American RadioWorks | Hearing is Seeing
science-smart

The Science of Smart

Researchers have long been searching for better ways to learn. In recent decades, experts working in cognitive science, psychology, and neuroscience have opened new windows into how the brain works, and how we can learn to learn better. In this program, we look at some of the big ideas coming out of brain science. We meet the researchers who are unlocking the secrets of how the brain acquires and holds on to knowledge. And we introduce listeners to the teachers and students who are trying to apply that knowledge in the real world.

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    Paul Tough on how children succeed

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  • 08.12.14

    Tracking and vocational ed

    Jeannie Oakes, who has studied tracking for decades, says vocational ed and "tracking" are connected, and that sorting students by race and class is still a problem.
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    Reinventing college for a new kind of student

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  • 07.29.14

    Is school funding fair?

    A new report looks at why some schools have a lot of money to spend per pupil, while others don't, and what to do about it.

American RadioWorks | Hearing is Seeing
science-smart

The Science of Smart

Researchers have long been searching for better ways to learn. In recent decades, experts working in cognitive science, psychology, and neuroscience have opened new windows into how the brain works, and how we can learn to learn better. In this program, we look at some of the big ideas coming out of brain science. We meet the researchers who are unlocking the secrets of how the brain acquires and holds on to knowledge. And we introduce listeners to the teachers and students who are trying to apply that knowledge in the real world.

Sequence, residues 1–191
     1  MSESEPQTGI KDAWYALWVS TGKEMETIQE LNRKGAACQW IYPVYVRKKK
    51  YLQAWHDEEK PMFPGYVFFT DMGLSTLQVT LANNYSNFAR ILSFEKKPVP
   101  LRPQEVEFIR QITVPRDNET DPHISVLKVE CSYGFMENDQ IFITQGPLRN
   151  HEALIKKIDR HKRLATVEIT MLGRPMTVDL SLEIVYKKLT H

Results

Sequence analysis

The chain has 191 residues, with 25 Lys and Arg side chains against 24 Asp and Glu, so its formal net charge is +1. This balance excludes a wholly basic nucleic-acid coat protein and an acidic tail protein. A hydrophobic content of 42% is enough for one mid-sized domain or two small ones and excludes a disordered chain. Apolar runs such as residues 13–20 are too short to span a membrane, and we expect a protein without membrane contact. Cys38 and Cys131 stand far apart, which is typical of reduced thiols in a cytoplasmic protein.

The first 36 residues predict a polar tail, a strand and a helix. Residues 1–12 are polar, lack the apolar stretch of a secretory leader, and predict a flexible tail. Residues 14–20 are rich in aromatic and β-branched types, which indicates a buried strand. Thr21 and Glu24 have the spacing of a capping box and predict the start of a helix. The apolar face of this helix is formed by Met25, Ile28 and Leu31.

Recent Posts

  • 08.19.14

    Paul Tough on how children succeed

    Paul Tough talks about his new book, How Children Succeed. He says it's character that matters when it comes to learning. Children need curiosity, optimism and self-control.
  • 08.12.14

    Tracking and vocational ed

    Jeannie Oakes, who has studied tracking for decades, says vocational ed and "tracking" are connected, and that sorting students by race and class is still a problem.
  • 08.04.14

    Reinventing college for a new kind of student

    Long-predicted demographic changes mean a new kind of student is figuring out where to go to college, and how to pay for it.
  • 07.29.14

    Is school funding fair?

    A new report looks at why some schools have a lot of money to spend per pupil, while others don't, and what to do about it.

Back to The Data

Trips by*

Jennifer Platt


Total cost of 8 trips: $12,356.47


Trips traveled under the office of Katherine Harris

Destination: WASHINGTON, DC TO RESEARCH TRIANGLE PARK, NC
Sponsor: PHRMA, ELI LILLY, GLAXOSMITHKLINE, MERCK
Purpose: TO GAIN A BETTER UNDERSTANDING OF THE RESEARCH PROCESS BEHIND DRUG MANUFACTURING
Date: May 28, 2003 (2 days)
Expense: $1,086.45
source

Destination: SARASOTA, FL-RALEIGH, NC-WASHINGTON, DC
Sponsor: SAS INSTITUTE